Conservatives and libertarians are free to complain about this set-up if they don’t like it or think it shows midcentury American liberals were foolish. But it can’t be simply wished away.
But if I may complain about conservatives and libertarians for a moment, this is precisely what was so horribly destructive about George W Bush’s tax and budget policies in 2001-2008.
Flash back to the salad days of 1999-2000 and the US government was running budget surpluses. Members of the Clinton administration argued that this was advisable because the country was also facing a predictable one-time demographic transition that would raise Social Security costs. It was prudent, under the circumstances, to save for the future by continuing to run surpluses. At this point, George W Bush and most Republicans began making the argument that “it’s your money” and the existence of surpluses showed the desirability of gigantic regressive tax cuts. Alan Greenspan himself stepped into the breach with a highbrow version of the argument, warning darkly that absent gigantic regressive tax cuts the government might pay off the entire national debt and then start accumulating financial assets.
Conservatives carried the day, rich people got their tax cuts, the short-term surplus was eliminated and the clear and the “danger” of national debt elimination was avoided. Somehow nobody noticed that this nightmare scenario was prefunding of future US pension obligations. We could have had a debate about whether to disburse that prefunding in the form of “private accounts” or a centrally administered fund or what exactly a private account would mean in that context. But instead we had a debate about the desirability of bringing back budget deficits and rescuing the national debt.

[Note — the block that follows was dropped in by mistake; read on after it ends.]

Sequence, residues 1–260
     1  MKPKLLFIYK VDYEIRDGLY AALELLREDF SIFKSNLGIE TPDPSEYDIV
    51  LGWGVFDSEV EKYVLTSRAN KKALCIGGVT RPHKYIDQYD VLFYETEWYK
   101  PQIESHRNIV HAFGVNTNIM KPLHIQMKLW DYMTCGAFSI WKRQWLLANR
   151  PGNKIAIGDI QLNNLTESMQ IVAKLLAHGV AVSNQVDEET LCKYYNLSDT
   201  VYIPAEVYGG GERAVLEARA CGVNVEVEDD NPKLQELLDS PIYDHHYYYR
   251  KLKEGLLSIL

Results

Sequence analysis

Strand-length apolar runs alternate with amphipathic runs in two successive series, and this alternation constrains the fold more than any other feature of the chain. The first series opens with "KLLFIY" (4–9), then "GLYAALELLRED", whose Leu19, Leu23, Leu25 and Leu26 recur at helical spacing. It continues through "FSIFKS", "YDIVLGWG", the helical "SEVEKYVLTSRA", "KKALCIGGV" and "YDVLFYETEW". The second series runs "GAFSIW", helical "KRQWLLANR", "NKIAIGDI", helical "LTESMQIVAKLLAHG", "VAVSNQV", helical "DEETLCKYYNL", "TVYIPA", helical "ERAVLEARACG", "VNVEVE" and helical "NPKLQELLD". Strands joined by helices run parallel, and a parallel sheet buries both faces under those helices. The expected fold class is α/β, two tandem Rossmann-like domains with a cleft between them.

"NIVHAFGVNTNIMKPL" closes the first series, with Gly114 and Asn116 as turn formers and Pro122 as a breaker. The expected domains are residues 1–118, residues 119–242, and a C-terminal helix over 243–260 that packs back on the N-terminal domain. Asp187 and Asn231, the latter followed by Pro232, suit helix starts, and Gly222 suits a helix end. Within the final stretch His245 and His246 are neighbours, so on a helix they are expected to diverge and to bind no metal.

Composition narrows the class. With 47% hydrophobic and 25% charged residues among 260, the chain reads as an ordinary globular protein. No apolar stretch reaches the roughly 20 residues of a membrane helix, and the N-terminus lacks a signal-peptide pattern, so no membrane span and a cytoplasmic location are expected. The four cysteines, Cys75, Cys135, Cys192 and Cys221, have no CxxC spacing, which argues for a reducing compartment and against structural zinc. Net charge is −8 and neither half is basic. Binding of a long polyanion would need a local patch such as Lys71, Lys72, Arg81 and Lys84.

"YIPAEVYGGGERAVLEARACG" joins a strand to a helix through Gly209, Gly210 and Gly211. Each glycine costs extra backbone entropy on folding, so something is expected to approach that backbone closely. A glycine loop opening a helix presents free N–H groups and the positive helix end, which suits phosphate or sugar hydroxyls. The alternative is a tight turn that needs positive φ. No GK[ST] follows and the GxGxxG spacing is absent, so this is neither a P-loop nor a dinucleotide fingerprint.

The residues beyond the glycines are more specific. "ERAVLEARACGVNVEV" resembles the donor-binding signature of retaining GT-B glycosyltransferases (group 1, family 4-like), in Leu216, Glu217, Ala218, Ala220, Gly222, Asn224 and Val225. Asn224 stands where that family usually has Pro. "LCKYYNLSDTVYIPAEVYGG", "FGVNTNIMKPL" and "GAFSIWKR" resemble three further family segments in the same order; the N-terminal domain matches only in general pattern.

Masters: “It appears that this year’s record [sea surface temperatures] have significantly expanded the area over which major hurricanes can exist over the Atlantic.”
2010 hurricane season has already set multiple records
A rare double feature: two simultaneous Category 4 hurricanes in the Atlantic, for only the second time in recorded history.
Uber-meteorologist and former NOAA Hurricane Hunter (!) discussed some of the remarkable records the 2010 season has already set, on his WunderBlog yesterday:
Can we grapple briefly with how insane Battleship is, on every level? Basically, people decided to make a toy movie, but unlike with Transformers, the toys weren’t already aliens, so they threw in some aliens, and a bunch of hot people with no particularly discernible acting skills including Rihanna and Brooklyn Decker, and hot people with discernible acting skills like Alexander Skarsgard and Taylor Kitsch (when am I getting my Rogue and Gambit movie, people who are greenlighting Every Damn Superhero Thing In Existence) and now Liam Neeson’s signed on to this nonsense? And Tom Arnold was already? I swear to God, Emma Thompson could sign on to this thing and I would not be surprised. It’s like everyone in Hollywood decided “Hey, could be fun!” and the folks making the damn thing thought “Well, we have a big boat.” And Peter Berg made Hancock, which I actually really liked, which only makes me more confused about this whole situation. I think the solution is probably surrender and a bourbon, but at the moment, my headache over all of this is considerable.